City Burgess Update
posted by August 30 at 15:12 PMon
As I reported earlier, David Della opponent Tim Burgess’s consulting firm produced media materials and wrote copy, among other services, for Concerned Women for America, a far-right fundamentalist group founded by Beverly LaHaye, the wife of apocalyptic novel author Tim LaHaye.
As I mentioned in my earlier post, Concerned Women for America (a misnomer, as many of its members and spokespeople are actually men) has advocated against making emergency contraception available over the counter on the grounds that EC encourages promiscuity; has said gay marriage will destroy civil society; calls the Equal Rights Amendment an attack on traditional families; opposes abortion rights, stem-cell research, and comprehensive sex education; and believes birth control is a form of abortion.
Burgess told me the firm he founded, now called Merkle/Domain (Burgess sold it in 2005) represented CWFA for eight or nine years. Crucially, those years included 2003-2004—the year Bush won reelection. Burgess says that he does not agree with CWFA’s political views, but adds that he was fully aware of those views when he took them on as a client. “We were in the business of helping nonprofit organizations with their marketing,” Burgess says. “We generally did not have an ideological screen on clients. We’ve served all kinds of groups, [including] some others that I don’t always agree with.”
Some in the comments thread on my previous post have said that Burgess “had every right” to take on Concerned Women as a client, and have suggested that not taking them on (and taking their money) would amount to “censorship.” Oh, please. Of course he had the right to take their money (although not taking on a client, in a free market, hardly amounts to “censoring” them). But by allowing his firm to help them produce media and ad campaigns in the critical year of 2004, Burgess profited from the promotion of a radical right-wing agenda that, if implemented, would cause immediate and profound harm to gays, lesbians, young people, and women—even if he did, as he told me, eventually recuse himself from working for them personally. In 2003, according to its 990 form with the IRS, Concerned Women spent nearly $8 million on outreach efforts, including $328,479 to Burgess’s Domain Group. The money, according to the IRS form, paid for direct mail to Concerned Women’s constituents.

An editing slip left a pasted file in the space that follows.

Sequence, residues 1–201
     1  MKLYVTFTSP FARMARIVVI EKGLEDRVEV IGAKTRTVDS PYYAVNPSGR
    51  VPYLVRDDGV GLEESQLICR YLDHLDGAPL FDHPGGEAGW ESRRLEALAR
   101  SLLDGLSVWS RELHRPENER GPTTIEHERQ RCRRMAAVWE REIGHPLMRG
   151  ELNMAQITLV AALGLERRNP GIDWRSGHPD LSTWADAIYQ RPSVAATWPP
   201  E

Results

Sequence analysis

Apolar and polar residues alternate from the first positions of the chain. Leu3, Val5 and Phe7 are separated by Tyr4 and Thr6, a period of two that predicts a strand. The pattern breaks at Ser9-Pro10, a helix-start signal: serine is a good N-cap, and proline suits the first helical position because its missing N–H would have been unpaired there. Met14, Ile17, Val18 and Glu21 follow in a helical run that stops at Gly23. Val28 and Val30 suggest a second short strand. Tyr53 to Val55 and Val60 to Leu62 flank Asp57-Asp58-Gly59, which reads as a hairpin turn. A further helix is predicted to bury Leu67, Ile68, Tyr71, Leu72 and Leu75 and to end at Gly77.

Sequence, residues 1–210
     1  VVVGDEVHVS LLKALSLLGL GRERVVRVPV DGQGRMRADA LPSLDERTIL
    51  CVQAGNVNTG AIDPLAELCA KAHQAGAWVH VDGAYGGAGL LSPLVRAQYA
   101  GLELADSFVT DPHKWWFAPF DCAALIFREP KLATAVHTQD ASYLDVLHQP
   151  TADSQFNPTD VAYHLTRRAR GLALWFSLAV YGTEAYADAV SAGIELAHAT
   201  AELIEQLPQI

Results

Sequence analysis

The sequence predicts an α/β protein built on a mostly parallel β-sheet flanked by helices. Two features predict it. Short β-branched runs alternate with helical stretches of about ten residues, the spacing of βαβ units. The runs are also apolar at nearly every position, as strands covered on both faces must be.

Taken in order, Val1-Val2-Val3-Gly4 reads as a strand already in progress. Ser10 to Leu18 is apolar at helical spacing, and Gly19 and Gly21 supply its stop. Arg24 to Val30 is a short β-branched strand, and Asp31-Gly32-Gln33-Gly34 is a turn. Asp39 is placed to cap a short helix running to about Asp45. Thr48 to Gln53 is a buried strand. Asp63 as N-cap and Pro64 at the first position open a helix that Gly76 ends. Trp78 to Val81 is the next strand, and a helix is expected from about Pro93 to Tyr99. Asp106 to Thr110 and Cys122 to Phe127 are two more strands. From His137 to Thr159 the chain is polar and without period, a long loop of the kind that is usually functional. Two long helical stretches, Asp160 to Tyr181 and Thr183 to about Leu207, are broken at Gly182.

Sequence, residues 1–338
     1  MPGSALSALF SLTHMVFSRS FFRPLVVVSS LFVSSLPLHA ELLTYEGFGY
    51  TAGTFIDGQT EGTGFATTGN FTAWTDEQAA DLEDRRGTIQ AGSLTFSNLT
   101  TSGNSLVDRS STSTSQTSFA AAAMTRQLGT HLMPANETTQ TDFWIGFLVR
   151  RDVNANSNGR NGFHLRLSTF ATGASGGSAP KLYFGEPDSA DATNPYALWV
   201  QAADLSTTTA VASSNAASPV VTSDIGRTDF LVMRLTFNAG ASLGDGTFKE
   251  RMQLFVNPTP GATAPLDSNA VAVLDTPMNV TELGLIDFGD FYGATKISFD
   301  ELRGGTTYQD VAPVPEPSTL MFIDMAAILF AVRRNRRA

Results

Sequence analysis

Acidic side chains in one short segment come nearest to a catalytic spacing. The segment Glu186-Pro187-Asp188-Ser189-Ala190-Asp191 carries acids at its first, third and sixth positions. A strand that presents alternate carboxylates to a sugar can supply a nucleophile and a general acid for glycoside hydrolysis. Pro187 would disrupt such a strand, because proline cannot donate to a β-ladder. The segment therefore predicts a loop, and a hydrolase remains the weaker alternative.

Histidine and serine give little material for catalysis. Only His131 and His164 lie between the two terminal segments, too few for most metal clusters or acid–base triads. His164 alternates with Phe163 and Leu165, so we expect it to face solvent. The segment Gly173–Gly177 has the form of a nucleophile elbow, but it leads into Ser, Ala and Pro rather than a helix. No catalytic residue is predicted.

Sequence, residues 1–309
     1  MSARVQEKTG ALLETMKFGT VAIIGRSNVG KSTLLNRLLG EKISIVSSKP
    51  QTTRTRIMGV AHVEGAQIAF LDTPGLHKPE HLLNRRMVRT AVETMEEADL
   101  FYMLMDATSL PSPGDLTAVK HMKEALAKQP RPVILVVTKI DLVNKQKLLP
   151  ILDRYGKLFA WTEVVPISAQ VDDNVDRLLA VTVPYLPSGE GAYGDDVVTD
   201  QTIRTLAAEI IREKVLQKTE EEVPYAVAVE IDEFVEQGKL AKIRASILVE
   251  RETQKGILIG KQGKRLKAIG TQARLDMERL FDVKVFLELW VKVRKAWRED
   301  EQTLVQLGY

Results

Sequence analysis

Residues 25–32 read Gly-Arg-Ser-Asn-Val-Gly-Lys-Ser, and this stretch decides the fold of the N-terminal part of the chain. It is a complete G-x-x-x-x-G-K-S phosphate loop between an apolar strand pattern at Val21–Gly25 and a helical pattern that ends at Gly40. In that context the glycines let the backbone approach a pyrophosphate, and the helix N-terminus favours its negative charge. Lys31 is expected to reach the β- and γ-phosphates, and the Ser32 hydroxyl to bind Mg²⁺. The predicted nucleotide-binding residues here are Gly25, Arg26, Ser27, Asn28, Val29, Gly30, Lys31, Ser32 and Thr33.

Burgess’s client list when he owned the Domain Group included numerous other faith-based organizations. Among them: The Christian Management Association, which aims to “validate and advocate the legitimacy of a Christian worldview in management practices within our culture”; Food for the Hungry, Inc., which got money from the Bush Administration to promote its “life-saving message of abstinence” in Africa, where AIDS has decimated the population; the Bible League, which distributes Bibles and seeks to convert people to Christianity in places like China, Africa, and the Middle East.
There’s also the op-ed Burgess wrote for the Times in 2005, which Dan linked to earlier; in it, Burgess said that people of faith, like him, “don’t like abortion” and “value the sacredness of marriage between a woman and a man.” Well, frankly, I don’t like abortion either—who does? I just want to have the right to have one, a choice Burgess says he supports. But I do stumble a bit at “sacredness of marriage between a woman and a man.” That’s pretty standard code for opposition to gay marriage. Maybe the choice of words was unfortunate, but maybe not, and that’s where I start to get nervous.
On the other hand: Burgess (who, for the record, has repeatedly said he supports marriage equality and abortion rights) says he’s been up-front about his work for CWFA in endorsement meetings. And he has received endorsements from many progressive groups and individuals, including the 34th and 46th District Democrats, gay former City Council member Tina Podlodowski and gay state Rep. Joe McDermott. (Podlodowski has said she was aware that Tim had represented CWFA when she endorsed him). And the gay and lesbian candidate ratings group SEAMEC gave him a rating of 3—”meets expectations”—noting in the minutes of the interview that “prominent leaders in the LGBT community are supporting Mr. Burgess’s candidacy, which suggests his support for marriage equality and LGBT rights is genuine.”